- The water will change color as a result and will look like magic in the process. With a solid explanation of bases and acids under their belts, kids will enjoy watching the colors change in response to the different liquids.
Another way to use this cabbage water is to pour a few inches of it in two separate glasses. Add water to these glasses as well, until they’re about two-thirds of the way full. Finally, add a base to one glass and an acid to the other and watch the entire glassful of liquid change colors.
Once your chemistry experiment of making homemade litmus papers is dry, cut them into smaller strips. Now the kids can perform their very own litmus tests with all kinds of different materials and substances. Pull different things out of the fridge and let the kids use the papers to test them. Some good things to try include pickle brine, apple juice and soda.
Before you dip the papers into the substances, ask the kids to guess whether an item will be acidic or basic, and make a game out of it. Show them how to record their predictions, along with whether or not they were correct.
Of course, if red cabbage is unavailable or if you’d rather not go through the process of creating your own litmus papers, you can simply buy prepared litmus papers in many different stores. These pre-made papers will work in exactly the same way and can be used to perform similar chemistry experiments at home!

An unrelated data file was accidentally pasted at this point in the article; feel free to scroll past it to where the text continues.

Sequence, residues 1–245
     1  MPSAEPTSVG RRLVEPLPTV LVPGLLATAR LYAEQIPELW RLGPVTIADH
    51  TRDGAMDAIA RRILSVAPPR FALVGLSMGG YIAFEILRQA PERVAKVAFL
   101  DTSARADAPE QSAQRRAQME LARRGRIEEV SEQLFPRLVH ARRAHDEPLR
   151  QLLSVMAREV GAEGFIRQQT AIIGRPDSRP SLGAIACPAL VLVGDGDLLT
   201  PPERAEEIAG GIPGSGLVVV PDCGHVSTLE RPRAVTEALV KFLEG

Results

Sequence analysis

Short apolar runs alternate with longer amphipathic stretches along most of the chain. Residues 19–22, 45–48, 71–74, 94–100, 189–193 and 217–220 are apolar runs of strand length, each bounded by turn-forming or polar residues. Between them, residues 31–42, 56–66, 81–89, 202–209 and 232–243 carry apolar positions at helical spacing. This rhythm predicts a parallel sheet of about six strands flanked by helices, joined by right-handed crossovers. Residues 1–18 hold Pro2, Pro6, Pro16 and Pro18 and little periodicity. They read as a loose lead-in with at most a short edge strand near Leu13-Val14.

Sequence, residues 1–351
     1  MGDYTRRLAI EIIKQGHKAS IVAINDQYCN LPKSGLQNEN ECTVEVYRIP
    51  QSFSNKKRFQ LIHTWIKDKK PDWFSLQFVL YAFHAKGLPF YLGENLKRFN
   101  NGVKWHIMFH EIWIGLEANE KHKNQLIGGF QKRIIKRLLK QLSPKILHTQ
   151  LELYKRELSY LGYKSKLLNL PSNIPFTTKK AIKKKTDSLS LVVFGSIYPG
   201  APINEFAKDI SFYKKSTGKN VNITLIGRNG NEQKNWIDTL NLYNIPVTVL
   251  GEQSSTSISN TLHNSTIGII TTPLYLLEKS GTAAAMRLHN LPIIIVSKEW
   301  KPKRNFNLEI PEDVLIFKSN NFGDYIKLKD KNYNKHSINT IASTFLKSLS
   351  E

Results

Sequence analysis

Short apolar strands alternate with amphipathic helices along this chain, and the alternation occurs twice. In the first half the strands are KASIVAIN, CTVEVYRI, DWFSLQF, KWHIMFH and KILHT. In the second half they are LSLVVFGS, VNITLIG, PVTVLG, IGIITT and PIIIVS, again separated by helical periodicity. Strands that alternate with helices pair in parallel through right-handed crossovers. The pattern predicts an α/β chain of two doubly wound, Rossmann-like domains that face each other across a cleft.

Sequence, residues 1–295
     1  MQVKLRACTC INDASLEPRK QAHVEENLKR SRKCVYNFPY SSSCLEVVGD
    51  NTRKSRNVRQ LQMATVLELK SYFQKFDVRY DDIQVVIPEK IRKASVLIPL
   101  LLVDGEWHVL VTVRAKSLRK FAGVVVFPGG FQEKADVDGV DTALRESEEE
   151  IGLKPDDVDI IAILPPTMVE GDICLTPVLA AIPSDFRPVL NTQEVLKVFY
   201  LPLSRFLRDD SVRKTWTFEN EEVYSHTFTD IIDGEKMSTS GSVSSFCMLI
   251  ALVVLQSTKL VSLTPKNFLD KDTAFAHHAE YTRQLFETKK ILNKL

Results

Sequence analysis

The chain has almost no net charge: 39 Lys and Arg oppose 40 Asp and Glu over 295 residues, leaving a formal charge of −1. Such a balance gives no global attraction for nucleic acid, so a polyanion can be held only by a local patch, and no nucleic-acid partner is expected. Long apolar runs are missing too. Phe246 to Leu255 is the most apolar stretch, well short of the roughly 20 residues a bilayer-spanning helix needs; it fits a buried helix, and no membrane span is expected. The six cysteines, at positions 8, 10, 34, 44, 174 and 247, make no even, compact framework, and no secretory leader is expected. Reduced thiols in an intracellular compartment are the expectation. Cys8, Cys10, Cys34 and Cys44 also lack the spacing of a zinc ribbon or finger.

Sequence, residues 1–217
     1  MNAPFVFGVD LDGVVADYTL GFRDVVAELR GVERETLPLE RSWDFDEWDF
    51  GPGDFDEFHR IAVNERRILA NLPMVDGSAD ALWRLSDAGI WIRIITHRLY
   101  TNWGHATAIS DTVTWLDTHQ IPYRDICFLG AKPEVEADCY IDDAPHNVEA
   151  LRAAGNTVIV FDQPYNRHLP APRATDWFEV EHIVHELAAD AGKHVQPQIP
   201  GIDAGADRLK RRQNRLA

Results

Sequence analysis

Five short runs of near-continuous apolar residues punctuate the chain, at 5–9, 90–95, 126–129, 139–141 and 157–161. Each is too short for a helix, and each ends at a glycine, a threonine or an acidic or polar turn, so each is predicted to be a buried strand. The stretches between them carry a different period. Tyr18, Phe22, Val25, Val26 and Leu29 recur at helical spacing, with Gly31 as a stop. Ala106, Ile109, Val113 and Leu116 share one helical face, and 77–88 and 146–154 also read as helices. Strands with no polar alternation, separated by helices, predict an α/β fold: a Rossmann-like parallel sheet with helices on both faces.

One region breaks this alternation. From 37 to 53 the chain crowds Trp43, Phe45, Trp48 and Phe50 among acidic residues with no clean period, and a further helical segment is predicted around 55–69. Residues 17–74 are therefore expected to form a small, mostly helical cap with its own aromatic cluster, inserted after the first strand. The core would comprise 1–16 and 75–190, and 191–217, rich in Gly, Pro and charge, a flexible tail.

While all kids have fairly adjusted to the new normal of learning online, the joy of hands-on learning subjects like science in a laboratory setting took a backseat. WIth these chemistry experiments, your kids can have a lab-like experience at home! All of these chemistry experiments are safe for children to try out, however, adult supervision would be advised for all parents.
To give your children a hands-on learning experience for subjects like math, english robotics and science, try out MySparklebox educational kits for all grade levels!